Osorio, Ana | Milne, Roger L. | Kuchenbaecker, Karoline | Vaclová, Tereza | Pita, Guillermo | Alonso, Rosario | Peterlongo, Paolo | Blanco, Ignacio | de la Hoya, Miguel | Duran, Mercedes | Díez, Orland | Ramón y Cajal, Teresa | Konstantopoulou, Irene | Martínez-Bouzas, Cristina | Andrés Conejero, Raquel | Soucy, Penny | McGuffog, Lesley | Barrowdale, Daniel | Lee, Andrew | SWE-BRCA,  | Arver, Brita | Rantala, Johanna | Loman, Niklas | Ehrencrona, Hans | Olopade, Olufunmilayo I. | Beattie, Mary S. | Domchek, Susan M. | Nathanson, Katherine | Rebbeck, Timothy R. | Arun, Banu K. | Karlan, Beth Y. | Walsh, Christine | Lester, Jenny | John, Esther M. | Whittemore, Alice S. | Daly, Mary B. | Southey, Melissa | Hopper, John | Terry, Mary B. | Buys, Saundra S. | Janavicius, Ramunas | Dorfling, Cecilia M. | van Rensburg, Elizabeth J. | Steele, Linda | Neuhausen, Susan L. | Ding, Yuan Chun | Hansen, Thomas v. O. | Jønson, Lars | Ejlertsen, Bent | Gerdes, Anne-Marie | Infante, Mar | Herráez, Belén | Moreno, Leticia Thais | Weitzel, Jeffrey N. | Herzog, Josef | Weeman, Kisa | Manoukian, Siranoush | Peissel, Bernard | Zaffaroni, Daniela | Scuvera, Giulietta | Bonanni, Bernardo | Mariette, Frederique | Volorio, Sara | Viel, Alessandra | Varesco, Liliana | Papi, Laura | Ottini, Laura | Tibiletti, Maria Grazia | Radice, Paolo | Yannoukakos, Drakoulis | Garber, Judy | Ellis, Steve | Frost, Debra | Platte, Radka | Fineberg, Elena | Evans, Gareth | Lalloo, Fiona | Izatt, Louise | Eeles, Ros | Adlard, Julian | Davidson, Rosemarie | Cole, Trevor | Eccles, Diana | Cook, Jackie | Hodgson, Shirley | Brewer, Carole | Tischkowitz, Marc | Douglas, Fiona | Porteous, Mary | Side, Lucy | Walker, Lisa | Morrison, Patrick | Donaldson, Alan | Kennedy, John | Foo, Claire | Godwin, Andrew K. | Schmutzler, Rita Katharina | Wappenschmidt, Barbara | Rhiem, Kerstin | Engel, Christoph | Meindl, Alfons | Ditsch, Nina | Arnold, Norbert | Plendl, Hans Jörg | Niederacher, Dieter | Sutter, Christian | Wang-Gohrke, Shan | Steinemann, Doris | Preisler-Adams, Sabine | Kast, Karin | Varon-Mateeva, Raymonda | Gehrig, Andrea | Stoppa-Lyonnet, Dominique | Sinilnikova, Olga M. | Mazoyer, Sylvie | Damiola, Francesca | Poppe, Bruce | Claes, Kathleen | Piedmonte, Marion | Tucker, Kathy | Backes, Floor | Rodríguez, Gustavo | Brewster, Wendy | Wakeley, Katie | Rutherford, Thomas | Caldés, Trinidad | Nevanlinna, Heli | Aittomäki, Kristiina | Rookus, Matti A. | van Os, Theo A. M. | van der Kolk, Lizet | de Lange, J. L. | Meijers-Heijboer, Hanne E. J. | van der Hout, A. H. | van Asperen, Christi J. | Gómez Garcia, Encarna B. | Hoogerbrugge, Nicoline | Collée, J. Margriet | van Deurzen, Carolien H. M. | van der Luijt, Rob B. | Devilee, Peter | HEBON,  | Olah, Edith | Lázaro, Conxi | Teulé, Alex | Menéndez, Mireia | Jakubowska, Anna | Cybulski, Cezary | Gronwald, Jacek | Lubinski, Jan | Durda, Katarzyna | Jaworska-Bieniek, Katarzyna | Johannsson, Oskar Th. | Maugard, Christine | Montagna, Marco | Tognazzo, Silvia | Teixeira, Manuel R. | Healey, Sue | Investigators, kConFab | Olswold, Curtis | Guidugli, Lucia | Lindor, Noralane | Slager, Susan | Szabo, Csilla I. | Vijai, Joseph | Robson, Mark | Kauff, Noah | Zhang, Liying | Rau-Murthy, Rohini | Fink-Retter, Anneliese | Singer, Christian F. | Rappaport, Christine | Geschwantler Kaulich, Daphne | Pfeiler, Georg | Tea, Muy-Kheng | Berger, Andreas | Phelan, Catherine M. | Greene, Mark H. | Mai, Phuong L. | Lejbkowicz, Flavio | Andrulis, Irene | Mulligan, Anna Marie | Glendon, Gord | Toland, Amanda Ewart | Bojesen, Anders | Pedersen, Inge Sokilde | Sunde, Lone | Thomassen, Mads | Kruse, Torben A. | Jensen, Uffe Birk | Friedman, Eitan | Laitman, Yael | Shimon, Shani Paluch | Simard, Jacques | Easton, Douglas F. | Offit, Kenneth | Couch, Fergus J. | Chenevix-Trench, Georgia | Antoniou, Antonis C. | Benitez, Javier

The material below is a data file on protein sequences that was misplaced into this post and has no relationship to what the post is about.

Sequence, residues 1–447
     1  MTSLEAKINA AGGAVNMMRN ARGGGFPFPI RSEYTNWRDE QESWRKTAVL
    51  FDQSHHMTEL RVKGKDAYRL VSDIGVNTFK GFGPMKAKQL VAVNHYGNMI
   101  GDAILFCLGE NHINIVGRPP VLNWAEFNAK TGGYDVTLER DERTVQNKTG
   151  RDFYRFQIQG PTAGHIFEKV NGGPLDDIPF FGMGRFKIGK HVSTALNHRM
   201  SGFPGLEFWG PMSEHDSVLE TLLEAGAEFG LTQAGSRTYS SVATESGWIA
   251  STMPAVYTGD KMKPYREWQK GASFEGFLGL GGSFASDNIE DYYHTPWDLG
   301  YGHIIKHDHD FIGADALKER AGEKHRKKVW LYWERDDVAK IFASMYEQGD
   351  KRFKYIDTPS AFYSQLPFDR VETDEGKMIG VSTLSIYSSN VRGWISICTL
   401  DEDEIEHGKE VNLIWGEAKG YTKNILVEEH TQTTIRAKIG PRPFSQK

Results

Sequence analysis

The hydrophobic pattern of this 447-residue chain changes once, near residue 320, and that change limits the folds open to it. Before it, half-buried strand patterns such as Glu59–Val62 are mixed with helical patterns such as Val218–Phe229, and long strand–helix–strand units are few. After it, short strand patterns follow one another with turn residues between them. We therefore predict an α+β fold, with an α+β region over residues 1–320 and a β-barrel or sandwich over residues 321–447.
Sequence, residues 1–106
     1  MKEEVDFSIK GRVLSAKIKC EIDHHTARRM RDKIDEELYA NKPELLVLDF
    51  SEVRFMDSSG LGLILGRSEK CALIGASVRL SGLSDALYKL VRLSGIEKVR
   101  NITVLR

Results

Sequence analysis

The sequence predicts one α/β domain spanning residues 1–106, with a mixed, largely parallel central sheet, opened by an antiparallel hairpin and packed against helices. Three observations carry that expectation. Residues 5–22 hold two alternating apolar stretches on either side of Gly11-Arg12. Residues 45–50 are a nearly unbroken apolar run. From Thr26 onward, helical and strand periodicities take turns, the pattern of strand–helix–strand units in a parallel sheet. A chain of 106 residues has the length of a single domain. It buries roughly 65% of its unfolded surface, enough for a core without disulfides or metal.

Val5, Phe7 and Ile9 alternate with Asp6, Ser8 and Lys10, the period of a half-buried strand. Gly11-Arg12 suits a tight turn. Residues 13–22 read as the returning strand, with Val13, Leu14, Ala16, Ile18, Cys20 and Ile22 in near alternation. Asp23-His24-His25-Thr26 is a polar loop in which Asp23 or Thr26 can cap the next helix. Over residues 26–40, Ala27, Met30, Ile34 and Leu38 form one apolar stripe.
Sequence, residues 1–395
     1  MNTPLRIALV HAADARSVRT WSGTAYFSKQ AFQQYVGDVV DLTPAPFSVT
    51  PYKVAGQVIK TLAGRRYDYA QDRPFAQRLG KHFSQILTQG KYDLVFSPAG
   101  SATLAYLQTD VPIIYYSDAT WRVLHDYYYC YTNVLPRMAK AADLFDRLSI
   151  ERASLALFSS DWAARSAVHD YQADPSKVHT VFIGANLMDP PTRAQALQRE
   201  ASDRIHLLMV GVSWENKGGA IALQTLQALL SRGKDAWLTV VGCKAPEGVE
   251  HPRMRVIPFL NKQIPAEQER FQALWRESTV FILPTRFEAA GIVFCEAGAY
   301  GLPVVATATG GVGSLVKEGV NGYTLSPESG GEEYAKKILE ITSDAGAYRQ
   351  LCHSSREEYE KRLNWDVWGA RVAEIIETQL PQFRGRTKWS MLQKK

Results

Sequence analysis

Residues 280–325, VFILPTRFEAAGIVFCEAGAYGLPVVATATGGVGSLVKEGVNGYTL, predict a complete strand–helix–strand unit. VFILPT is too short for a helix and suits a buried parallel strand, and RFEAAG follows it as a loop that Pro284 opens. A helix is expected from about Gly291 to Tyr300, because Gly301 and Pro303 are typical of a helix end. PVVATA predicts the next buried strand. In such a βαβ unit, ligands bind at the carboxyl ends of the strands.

PLoS Genetics  2014;10(4):e1004256.